man at a computer looking tired, reflecting how difficult it can be for hotels fixated with the past

First, we must take a step back and ask why are people using 2019 as a benchmark to recovery?

NB: This is an article from Duetto

And the reason, as we all know, is that 2020 data is worthless. A lot of hotels were closed, those that were open were running on low occupancies, with low staffing levels and with large chunks of inventory out of commission – either to facilitate social distancing, or for deep cleaning, or because it simply wasn’t worth marketing them – the demand wasn’t there.

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Also, many hotels found themselves catering to different clientele: homeless people, healthcare workers, essential workers, etc. Market segmentation is very skewed. 

And therefore 2019 became important as a benchmark because 2020 data was not reliable. Now we are planning for 2022 and we must accept that 2022 is three years removed from 2019. That is not a fair comparison.

But there’s more to this.

2019 was the golden year. It was the best year ever for the hospitality industry. In the US, absolute ADR and RevPAR values were the highest STR has ever benchmarked. According to STR, the industry also set records for supply (more than 1.9 billion room nights available) and demand (1.3 billion room nights sold).

In 2020, the first two months of the year were better than in 2019. It’s just when March hit that the bottom fell out.

Comparing 2019 to 2022 is like comparing Steph Curry to Michael Jordan, or Cristiano Ronaldo to Pele. We are comparing a current player to one of the all-time greats. It makes sense at first, but as you dig into it, it’s not a fair comparison.

What we are hearing from Duetto users is that, while there is still a lot of uncertainty, 2021 has been somewhat stabilized in terms of segmentation, consumer booking behavior, and demand patterns. And as such, hotels are moving back to benchmarking on year-over-year changes.

We know that incentives and bonuses are coming back and those are going to be predicated on year-over-year changes. We also know that a lot of the benchmarking services are telling us that year-over-year change is going to be more important in 2022 than it was in 2021 (because 2020 data was so unreliable).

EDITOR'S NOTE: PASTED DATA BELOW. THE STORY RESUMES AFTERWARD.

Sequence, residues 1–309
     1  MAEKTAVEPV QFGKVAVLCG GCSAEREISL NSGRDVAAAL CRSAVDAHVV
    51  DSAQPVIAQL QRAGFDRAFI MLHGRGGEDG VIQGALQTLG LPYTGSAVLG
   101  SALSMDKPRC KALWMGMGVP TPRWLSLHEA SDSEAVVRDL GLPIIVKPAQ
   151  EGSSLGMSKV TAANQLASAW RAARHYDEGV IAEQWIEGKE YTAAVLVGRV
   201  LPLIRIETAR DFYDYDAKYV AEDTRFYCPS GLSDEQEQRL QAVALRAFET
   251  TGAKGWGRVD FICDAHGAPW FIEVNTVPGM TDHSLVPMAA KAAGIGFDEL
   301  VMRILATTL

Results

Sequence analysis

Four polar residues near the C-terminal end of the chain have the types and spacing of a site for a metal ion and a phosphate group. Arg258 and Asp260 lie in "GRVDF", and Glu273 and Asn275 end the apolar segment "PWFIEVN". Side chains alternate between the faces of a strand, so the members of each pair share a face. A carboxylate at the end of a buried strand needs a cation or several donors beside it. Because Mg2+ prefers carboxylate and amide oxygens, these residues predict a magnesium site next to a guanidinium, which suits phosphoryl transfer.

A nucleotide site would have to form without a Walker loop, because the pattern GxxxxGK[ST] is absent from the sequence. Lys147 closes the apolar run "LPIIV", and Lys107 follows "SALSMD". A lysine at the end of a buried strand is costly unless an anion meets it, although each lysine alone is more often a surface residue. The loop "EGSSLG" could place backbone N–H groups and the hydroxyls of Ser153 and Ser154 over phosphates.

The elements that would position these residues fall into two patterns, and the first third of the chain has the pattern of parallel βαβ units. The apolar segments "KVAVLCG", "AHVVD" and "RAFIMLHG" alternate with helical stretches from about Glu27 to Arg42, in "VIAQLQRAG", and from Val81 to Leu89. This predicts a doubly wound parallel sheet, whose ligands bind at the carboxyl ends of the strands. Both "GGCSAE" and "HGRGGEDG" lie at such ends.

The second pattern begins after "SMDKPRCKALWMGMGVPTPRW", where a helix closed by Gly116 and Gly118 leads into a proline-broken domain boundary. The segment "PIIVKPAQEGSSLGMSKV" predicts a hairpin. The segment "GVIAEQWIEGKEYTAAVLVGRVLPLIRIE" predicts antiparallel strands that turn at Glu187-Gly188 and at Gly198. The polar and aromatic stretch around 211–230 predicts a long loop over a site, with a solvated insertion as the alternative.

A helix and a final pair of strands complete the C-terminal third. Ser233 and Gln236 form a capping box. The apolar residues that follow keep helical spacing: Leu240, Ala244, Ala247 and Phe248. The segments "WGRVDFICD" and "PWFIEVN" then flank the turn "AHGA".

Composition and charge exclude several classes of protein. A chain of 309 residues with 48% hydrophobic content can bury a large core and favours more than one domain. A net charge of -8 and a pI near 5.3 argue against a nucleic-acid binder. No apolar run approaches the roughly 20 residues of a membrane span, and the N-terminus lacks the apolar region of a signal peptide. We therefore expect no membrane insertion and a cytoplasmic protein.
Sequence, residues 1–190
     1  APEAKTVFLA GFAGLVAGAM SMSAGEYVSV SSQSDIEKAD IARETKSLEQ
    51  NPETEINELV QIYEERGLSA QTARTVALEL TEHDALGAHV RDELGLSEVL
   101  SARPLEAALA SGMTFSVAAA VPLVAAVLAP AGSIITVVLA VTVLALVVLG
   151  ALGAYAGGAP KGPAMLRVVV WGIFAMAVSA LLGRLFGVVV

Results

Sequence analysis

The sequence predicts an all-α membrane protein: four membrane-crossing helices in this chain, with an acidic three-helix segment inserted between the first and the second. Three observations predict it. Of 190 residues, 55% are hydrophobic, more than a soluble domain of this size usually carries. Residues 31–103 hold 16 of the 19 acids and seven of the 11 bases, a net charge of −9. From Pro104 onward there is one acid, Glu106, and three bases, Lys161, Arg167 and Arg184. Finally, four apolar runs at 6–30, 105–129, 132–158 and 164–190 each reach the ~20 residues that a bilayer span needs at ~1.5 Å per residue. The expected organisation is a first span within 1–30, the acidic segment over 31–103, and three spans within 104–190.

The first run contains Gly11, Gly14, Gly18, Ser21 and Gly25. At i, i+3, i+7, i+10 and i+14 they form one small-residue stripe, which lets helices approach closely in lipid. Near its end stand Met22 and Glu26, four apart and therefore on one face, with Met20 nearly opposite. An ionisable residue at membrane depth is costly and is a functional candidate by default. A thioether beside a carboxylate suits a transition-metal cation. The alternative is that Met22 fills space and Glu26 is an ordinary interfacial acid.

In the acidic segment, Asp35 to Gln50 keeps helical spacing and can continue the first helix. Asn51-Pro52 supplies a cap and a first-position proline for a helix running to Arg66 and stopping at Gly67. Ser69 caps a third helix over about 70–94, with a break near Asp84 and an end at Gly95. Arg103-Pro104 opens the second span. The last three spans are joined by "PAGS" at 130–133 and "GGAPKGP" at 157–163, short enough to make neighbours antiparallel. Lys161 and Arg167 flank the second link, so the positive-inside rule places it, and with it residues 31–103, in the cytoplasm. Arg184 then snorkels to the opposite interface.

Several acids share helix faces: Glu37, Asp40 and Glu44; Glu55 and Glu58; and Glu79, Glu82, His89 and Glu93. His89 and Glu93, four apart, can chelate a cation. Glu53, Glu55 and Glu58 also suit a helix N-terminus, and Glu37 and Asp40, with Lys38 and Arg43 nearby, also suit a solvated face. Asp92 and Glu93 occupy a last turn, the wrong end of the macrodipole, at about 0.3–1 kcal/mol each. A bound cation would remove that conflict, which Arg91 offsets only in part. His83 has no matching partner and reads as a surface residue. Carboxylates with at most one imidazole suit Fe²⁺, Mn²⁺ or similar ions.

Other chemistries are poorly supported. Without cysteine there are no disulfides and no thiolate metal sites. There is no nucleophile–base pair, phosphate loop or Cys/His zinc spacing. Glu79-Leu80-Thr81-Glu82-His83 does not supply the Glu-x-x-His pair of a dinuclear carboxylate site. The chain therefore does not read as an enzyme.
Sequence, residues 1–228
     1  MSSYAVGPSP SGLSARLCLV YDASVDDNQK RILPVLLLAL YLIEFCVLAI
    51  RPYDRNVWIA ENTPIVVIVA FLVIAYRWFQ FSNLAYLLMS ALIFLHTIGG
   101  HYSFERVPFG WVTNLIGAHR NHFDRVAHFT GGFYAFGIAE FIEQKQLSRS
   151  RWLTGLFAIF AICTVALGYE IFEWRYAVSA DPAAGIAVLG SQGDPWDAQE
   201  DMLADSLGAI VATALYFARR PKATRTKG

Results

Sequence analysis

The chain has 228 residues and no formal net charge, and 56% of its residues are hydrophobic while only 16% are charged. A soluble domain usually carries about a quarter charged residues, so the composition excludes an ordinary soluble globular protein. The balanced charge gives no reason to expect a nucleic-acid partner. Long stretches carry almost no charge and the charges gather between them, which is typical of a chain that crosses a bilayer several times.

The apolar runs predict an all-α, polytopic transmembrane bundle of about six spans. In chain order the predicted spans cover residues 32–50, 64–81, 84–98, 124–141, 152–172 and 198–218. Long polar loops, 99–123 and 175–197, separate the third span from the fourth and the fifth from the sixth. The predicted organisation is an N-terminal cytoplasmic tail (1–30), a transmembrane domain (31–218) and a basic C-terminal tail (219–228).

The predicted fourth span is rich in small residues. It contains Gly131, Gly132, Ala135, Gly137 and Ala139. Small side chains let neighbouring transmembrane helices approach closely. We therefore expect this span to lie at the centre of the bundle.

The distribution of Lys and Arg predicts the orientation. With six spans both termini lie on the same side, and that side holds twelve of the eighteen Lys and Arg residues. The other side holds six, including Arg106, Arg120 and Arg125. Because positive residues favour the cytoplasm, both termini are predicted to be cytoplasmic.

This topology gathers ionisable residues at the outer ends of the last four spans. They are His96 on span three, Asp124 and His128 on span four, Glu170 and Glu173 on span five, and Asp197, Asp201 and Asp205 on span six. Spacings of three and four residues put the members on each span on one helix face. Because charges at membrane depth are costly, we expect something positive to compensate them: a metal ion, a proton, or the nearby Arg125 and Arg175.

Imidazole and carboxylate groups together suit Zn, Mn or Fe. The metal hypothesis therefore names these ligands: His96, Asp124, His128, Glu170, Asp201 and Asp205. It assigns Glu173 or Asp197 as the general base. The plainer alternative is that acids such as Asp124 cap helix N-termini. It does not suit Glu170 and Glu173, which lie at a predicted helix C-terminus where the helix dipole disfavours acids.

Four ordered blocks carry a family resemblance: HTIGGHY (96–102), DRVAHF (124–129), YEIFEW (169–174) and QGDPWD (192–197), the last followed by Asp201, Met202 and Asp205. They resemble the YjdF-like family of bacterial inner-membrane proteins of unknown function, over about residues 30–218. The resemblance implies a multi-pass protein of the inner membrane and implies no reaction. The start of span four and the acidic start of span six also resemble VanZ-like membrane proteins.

Rebound, Recovery, or Restart?

Industry analysts are telling us that it is going to be a while until we return to 2019 occupancy and ADR levels, possibly until 2023 0r 2024. However, ADR has held up, occupancy has not.

What we must consider is that this current cycle was brought on by a disruption, not a traditional downturn. So, it’s not a traditional recovery. As such, saying that it’s going to take us 4-5 years to recover is almost an oxymoron.

It’s a restart and it’s not following previous cycles: post 9/11, post great recession, what happened was occupancy started to return, and once that demand starts to return then you are able to push rate. Right now, the industry is pushing rate. Prices have held throughout this entire disruption – occupancy has not, so it’s not a usual recovery, it’s not a usual cycle where we’re flowing through peaks and troughs.

But we do know from 2021 data that domestic leisure travel and those within a drive radius of hotels will remain fundamental. We also know the market will shift in line with COVID case counts. And from this, we can build out our strategies for 2022 and beyond. We need to remain forward-focused. 2019 is in the past and thankfully 2020 will soon be a more distant memory.

Read more articles from Duetto